Christie again uses the motive of obsession and the refusal to let go in Nemesis (1971), another Miss Marple novel, where a cold case again results in an escalation of crime in the present day. The ruthless obsession of a woman for her young ward, Verity, resulted in Verity’s murder when she wished ‘to escape from the burden of the bondage of love’ her guardian felt for her. Also, it involved the brutal murder of another girl, to provide a body to disfigure beyond recognition, and the imprisonment for murder of the young man Verity wished to marry.

One of Christie’s most powerful novels, in which the murder
 is rooted in tyrannical domestic abuse, is Appointment With Death (1938). Hercule Poirot is amongst the travellers in the Middle East who encounter the American Boynton family. The family is dominated by Mrs Boynton, an elderly matriarch who is in poor health, and consists of her elder stepson, Lennox, and his wife, Nadine, and Lennox’s slightly younger siblings, twins Carol and Raymond, and Mrs Boynton’s own young daughter, Ginevra (Jinny). Mrs Boynton had exerted the same ruthless control over her late husband and had inherited his money and control of his business, but her power over her step-children and daughter is more than just financial, it is the power of utter emotional control.

It is Poirot who deduces the reason for a woman in such a fragile state of health deciding to endure the rigours of foreign travel and that is to alleviate her boredom. Having established ultimate control over her family at home, she wishes to try out her power while subjecting them to the excitement of new experiences and new acquaintances, confident that if she allows them a little time on a looser leash she can always jerk it back and re-establish her stranglehold on them.

However, it seems that the old tyrant may have miscalculated. Nadine, the poor relation that Mrs Boynton had provided to marry Lennox, in order to appease his natural desire for a sexual and emotional partner, is planning to leave and is trying to persuade her husband to accompany her; and on their travels, both Raymond and Carol have met people with whom they wish to develop relationships. The one thing Mrs Boynton cannot totally subdue in those she has enslaved is the power of sexual attraction, made more acute by new experiences and meeting new people, which brings home to two of her victims how strange and undesirable their lives are. Poirot overhears Carol and Raymond discussing their situation. They are well aware that other people ‘“Would say we were crazy - not to be able to just walk out”’, and they plan to kill their stepmother, not just for their own sakes but to save their brother and sister-in-law and especially their half-sister, Jinny, who is getting more strange and out-of-step with reality every day. They feel that they are justified in killing their stepmother because ‘“it’s just like killing a mad dog - something that’s doing harm in the world and must be stopped”’ but they know that if they were discovered they’d be tried and executed as murderers. ‘Carol murmured, “But they’d - send us to the chair just the same … I mean we couldn’t explain what she’s like … It would sound fantastic … In a way, you know, it’s all in our own minds!”’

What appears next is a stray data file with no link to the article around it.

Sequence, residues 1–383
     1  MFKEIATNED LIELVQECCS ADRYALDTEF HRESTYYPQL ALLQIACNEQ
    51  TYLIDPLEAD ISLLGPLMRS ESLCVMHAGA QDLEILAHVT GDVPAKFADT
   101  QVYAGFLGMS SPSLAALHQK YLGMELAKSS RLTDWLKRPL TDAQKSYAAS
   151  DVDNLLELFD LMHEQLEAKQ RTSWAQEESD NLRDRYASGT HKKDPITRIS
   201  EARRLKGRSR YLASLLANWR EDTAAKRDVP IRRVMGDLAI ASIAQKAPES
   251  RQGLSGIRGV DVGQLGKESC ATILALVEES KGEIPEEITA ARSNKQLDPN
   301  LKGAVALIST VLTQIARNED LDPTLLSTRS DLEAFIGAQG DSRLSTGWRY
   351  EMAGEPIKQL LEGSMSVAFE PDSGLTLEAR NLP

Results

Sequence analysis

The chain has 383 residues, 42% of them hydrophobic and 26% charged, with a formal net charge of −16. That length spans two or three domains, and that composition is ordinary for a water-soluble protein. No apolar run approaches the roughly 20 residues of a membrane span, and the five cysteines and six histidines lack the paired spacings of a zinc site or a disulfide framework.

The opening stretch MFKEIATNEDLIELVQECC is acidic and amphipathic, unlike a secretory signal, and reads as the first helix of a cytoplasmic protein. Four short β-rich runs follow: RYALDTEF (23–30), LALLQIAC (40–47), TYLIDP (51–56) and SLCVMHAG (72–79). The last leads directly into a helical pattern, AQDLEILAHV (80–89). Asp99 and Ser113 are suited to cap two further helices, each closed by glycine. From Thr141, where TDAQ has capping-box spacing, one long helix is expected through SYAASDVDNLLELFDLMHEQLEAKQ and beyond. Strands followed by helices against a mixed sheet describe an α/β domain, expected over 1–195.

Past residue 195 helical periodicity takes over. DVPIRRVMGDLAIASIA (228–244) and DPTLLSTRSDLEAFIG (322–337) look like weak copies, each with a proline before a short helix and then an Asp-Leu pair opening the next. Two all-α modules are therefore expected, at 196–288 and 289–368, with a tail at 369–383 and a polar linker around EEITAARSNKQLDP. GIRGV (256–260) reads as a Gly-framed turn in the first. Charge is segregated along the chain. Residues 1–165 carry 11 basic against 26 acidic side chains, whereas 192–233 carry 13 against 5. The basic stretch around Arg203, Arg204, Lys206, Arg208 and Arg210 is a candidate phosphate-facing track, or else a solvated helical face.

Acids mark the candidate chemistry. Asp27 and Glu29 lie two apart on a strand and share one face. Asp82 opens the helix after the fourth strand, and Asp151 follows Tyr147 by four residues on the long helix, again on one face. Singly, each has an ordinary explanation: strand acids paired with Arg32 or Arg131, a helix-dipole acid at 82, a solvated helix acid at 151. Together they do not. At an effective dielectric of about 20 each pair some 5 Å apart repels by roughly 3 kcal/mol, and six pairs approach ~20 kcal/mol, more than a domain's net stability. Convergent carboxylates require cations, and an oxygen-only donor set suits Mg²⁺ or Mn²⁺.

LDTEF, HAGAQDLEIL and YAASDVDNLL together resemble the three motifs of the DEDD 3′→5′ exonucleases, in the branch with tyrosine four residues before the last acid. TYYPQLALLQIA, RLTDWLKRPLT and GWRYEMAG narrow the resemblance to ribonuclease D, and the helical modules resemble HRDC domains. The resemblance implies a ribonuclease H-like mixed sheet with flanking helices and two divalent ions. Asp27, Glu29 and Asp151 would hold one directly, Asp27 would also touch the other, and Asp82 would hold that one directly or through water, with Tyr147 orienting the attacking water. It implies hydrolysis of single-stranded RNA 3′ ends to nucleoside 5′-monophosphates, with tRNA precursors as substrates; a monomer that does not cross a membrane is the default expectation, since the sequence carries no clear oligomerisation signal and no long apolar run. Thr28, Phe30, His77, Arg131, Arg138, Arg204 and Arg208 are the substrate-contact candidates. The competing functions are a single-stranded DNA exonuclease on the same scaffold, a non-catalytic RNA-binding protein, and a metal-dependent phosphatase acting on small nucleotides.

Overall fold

From the start of Appointment With Death, Christie vividly demonstrates the power the old woman has over those who she has controlled since their childhood. Mrs Boynton has a sadistic personality and an overwhelming love of power, demonstrated by her previous employment as a prison warder. As Dr Gerard, an eminent doctor specialising in psychology observes of Mrs Boynton: ‘I do not believe that when once the mania for power (and the lust for cruelty) has taken possession of a human being it can spare anybody - not even its nearest and dearest.’ Christie captures with sympathy and insight the reasons why her unfortunate family cannot just ‘man up’ and walk away. The only doubtful factor is whether any of them would actually have the resolution to kill her. However, on a trip to the Rose Red City of Petra, Mrs Boynton does die, and Poirot leads the investigation into her death.

A large number of Patricia Wentworth’s Miss Silver books have domestic abuse at their heart, usually the bullying of a young woman by an older relation. Often the girl has been brought up to believe that subservience is her duty. In The Gazebo (1958) Althea Graham is enslaved by her self-centred mother, who ensures her subservience by feigning illness. In Miss Silver Intervenes (1944) a similar relationship is a subplot in which Agnes Lemming is ‘the drudge of a selfish mother. She wouldn’t be so plain if she took any trouble over herself. But it was Mrs Lemming who had the new clothes, the permanent waves, the facial treatments, and who still carried herself with the air of a beauty and got away with it.’ In Vanishing Point the exploitation is more overt because Rosamond Maxwell’s parents are dead and her twelve-year-old sister was crippled in a car accident and needs constant care. The only way Rosamond can provide this is by living with their great-aunt and slaving in the large decrepit house to run errands for a thankless taskmaster. ‘Rosamond walked in the dark wood … she had somehow found the means to hoard or snatch these moments of escape. She had realized long ago that if she did not have them she would not be able to go on ... She must be able to get away.’

The last Golden Age author that I wish to consider is different from the well-known and popular writers who are still admired today, although it must be acknowledged that in her main genres of school stories and women’s fiction she had a successful and long-lasting career. E.M. Channon only wrote three crime fiction novels and, in my opinion, she was not a great detective story writer, because her books are too melodramatic and rely far too heavily on coincidence and her solutions are forced and predictable. However, she deserves a place in this article because she excels at wry humour and social commentary, and in two of her books she focuses the crime around the issues of marital and domestic abuse